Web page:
Do note where the anger really stems from, though. Either you call things out so kindly that nobody hears your voice, or you get angry enough that they start shouting back.

And again, the middle ground. The middle ground can be the hardest to reach with kindness, because you’ll approach them kindly, and then they’ll set up a Meeting to Discuss things after the damage is done Kindly, and you’ll discuss with them Kindly and they’ll discuss back Kindly and you’ll have another Kind Meeting but the thing is, at this point the damage was done about a month ago and there’s a good chance you’ve still made no progress at these meetings where you’re allowed no passion, no bite.

But the minute you’re shaking in front of an authority figure, your voice cracking, your eyes blazing in fury, and you tell them outright that what they’re doing is wrong, you get results.

So I’ll continue to be angry. I’ll continue getting results. And I’ll have friends, new activists usually, who will wonder why I’m so angry. Who will insist on trying things their way, the nice way, who want to be friends with everyone so that we can all get along.

I’ll let them, too. Because I had to learn, once, that kindness is moot when someone wants you gone.

I’ve been kicked off of a blog network for calling people out nicelybecause those people were my bosses. I learned they’ll find a way to demonize you if they don’t want to hear your message, that they’ll remove you from sight regardless so you might as well take some blood with you.

I’ve learned that asking for written-down-rights to be respected in a psychiatric hospital leads to threats of solitary confinement. I’ve learned that backing down in fear leads to token gestures of goodwill while they still deny you basic personhood. What if I had been a brave child? Taken solitary, screamed and flailed against the walls in anger? I probably would’ve gone on to sue the hospital like I intended. But, the thing about those proper venues of anger– legal suits and such– is that they take energy that a mentally ill 14 year old doesn’t have.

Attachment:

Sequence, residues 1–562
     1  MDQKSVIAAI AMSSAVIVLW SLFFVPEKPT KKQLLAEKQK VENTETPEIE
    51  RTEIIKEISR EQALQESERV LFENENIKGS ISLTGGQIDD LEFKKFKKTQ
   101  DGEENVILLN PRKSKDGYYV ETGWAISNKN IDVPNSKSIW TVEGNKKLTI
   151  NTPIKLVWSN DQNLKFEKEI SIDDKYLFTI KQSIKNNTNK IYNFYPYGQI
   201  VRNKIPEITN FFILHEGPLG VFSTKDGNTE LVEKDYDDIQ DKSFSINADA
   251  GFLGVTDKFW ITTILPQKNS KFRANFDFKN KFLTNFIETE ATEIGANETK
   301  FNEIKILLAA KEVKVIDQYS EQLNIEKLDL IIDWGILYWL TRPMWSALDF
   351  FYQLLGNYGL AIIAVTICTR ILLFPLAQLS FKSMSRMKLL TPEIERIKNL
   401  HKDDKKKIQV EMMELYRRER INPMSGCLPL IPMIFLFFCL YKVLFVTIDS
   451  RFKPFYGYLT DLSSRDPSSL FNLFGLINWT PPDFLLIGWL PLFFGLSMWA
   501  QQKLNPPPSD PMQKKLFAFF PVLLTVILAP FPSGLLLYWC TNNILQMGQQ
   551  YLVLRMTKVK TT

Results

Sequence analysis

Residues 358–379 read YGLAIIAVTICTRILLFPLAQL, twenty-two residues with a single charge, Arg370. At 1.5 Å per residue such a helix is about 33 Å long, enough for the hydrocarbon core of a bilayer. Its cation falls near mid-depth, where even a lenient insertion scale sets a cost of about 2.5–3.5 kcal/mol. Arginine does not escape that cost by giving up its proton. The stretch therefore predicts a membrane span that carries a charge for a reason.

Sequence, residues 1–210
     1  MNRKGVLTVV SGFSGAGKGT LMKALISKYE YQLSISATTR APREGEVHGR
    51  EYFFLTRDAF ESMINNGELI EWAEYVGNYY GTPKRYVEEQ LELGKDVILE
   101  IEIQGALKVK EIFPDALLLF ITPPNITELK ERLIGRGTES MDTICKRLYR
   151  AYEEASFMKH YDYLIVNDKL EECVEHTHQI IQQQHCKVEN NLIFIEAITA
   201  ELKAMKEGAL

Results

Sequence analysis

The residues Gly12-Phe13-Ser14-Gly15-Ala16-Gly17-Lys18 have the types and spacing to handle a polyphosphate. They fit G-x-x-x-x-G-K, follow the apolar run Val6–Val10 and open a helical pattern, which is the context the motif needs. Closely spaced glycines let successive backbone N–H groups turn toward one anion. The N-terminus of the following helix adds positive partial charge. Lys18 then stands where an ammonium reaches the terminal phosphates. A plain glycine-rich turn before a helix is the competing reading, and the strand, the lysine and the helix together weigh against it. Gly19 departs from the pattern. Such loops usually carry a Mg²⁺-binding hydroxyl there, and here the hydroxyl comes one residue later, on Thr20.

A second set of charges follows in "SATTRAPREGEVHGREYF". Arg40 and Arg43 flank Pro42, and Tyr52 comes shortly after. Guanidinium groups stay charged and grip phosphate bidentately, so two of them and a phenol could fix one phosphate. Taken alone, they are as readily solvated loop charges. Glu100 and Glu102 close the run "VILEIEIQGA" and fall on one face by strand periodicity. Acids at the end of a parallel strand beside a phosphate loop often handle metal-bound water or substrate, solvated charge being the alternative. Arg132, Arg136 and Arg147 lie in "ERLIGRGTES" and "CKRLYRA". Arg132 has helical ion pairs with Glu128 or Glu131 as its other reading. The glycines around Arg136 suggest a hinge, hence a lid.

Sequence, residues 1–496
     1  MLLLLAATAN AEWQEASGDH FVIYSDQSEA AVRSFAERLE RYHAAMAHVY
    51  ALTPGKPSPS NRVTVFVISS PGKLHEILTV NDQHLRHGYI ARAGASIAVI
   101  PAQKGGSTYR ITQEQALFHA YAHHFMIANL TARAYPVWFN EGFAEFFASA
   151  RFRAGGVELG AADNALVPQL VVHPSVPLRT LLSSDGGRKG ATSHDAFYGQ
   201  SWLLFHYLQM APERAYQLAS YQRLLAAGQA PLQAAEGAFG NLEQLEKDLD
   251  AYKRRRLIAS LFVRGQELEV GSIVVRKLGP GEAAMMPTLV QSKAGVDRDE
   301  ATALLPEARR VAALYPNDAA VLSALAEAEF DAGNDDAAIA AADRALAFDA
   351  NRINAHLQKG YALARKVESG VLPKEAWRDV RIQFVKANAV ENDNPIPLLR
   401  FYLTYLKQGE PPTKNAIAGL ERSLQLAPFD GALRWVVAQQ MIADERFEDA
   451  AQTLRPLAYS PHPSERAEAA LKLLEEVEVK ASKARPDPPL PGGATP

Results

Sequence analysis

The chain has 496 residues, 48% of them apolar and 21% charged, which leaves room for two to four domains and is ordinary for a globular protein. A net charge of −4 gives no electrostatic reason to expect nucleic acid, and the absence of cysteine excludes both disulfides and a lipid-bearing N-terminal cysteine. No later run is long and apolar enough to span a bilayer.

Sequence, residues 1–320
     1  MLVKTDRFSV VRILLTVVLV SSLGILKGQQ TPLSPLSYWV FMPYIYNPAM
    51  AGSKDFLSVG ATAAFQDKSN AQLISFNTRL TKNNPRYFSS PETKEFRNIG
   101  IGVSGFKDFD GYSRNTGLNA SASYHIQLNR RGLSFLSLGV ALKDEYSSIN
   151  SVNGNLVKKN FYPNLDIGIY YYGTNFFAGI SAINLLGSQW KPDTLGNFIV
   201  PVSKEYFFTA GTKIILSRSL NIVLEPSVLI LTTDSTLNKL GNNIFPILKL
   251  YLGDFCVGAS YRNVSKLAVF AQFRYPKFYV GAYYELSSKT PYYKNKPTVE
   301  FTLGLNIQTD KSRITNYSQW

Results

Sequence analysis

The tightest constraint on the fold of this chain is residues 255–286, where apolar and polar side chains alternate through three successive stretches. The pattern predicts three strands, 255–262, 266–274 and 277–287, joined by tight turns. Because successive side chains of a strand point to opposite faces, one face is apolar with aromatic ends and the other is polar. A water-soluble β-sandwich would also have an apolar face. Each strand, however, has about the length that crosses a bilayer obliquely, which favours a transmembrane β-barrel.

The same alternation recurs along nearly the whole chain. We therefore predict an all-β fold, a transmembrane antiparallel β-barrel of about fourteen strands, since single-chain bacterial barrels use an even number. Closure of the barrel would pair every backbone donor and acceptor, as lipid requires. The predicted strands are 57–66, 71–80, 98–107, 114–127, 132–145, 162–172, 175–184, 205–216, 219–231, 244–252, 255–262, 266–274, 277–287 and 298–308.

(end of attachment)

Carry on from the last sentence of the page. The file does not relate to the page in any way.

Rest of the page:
I’ve learned that friends will leave you and groups will ostracize you when you ask them to be nicer about mental illness. I’ve learned that anger can’t change that, actually, but a burning vitriol will shine a light on who your real friends will always be. While, you know, the fake ones kick you in the gut.

So I’ve learned this anger. But the thing is? I shouldn’t have had to. My elder Autistics already learned these lessons on anger and effectiveness. If I had only met them sooner, I could have learned to harness my anger, grow my anger.

Maybe that’s what I’m doing now. I’m no elder, but I’ve been doing this for a while longer than many of the Autistics I know in person. Maybe I just want to write this out so they know why I’m angry, and know that they should be too.

And yes, you have to know how to use your anger. There’s a time and place for everything and nuance to every skill. But you can never learn to wield a weapon that you won’t pick up.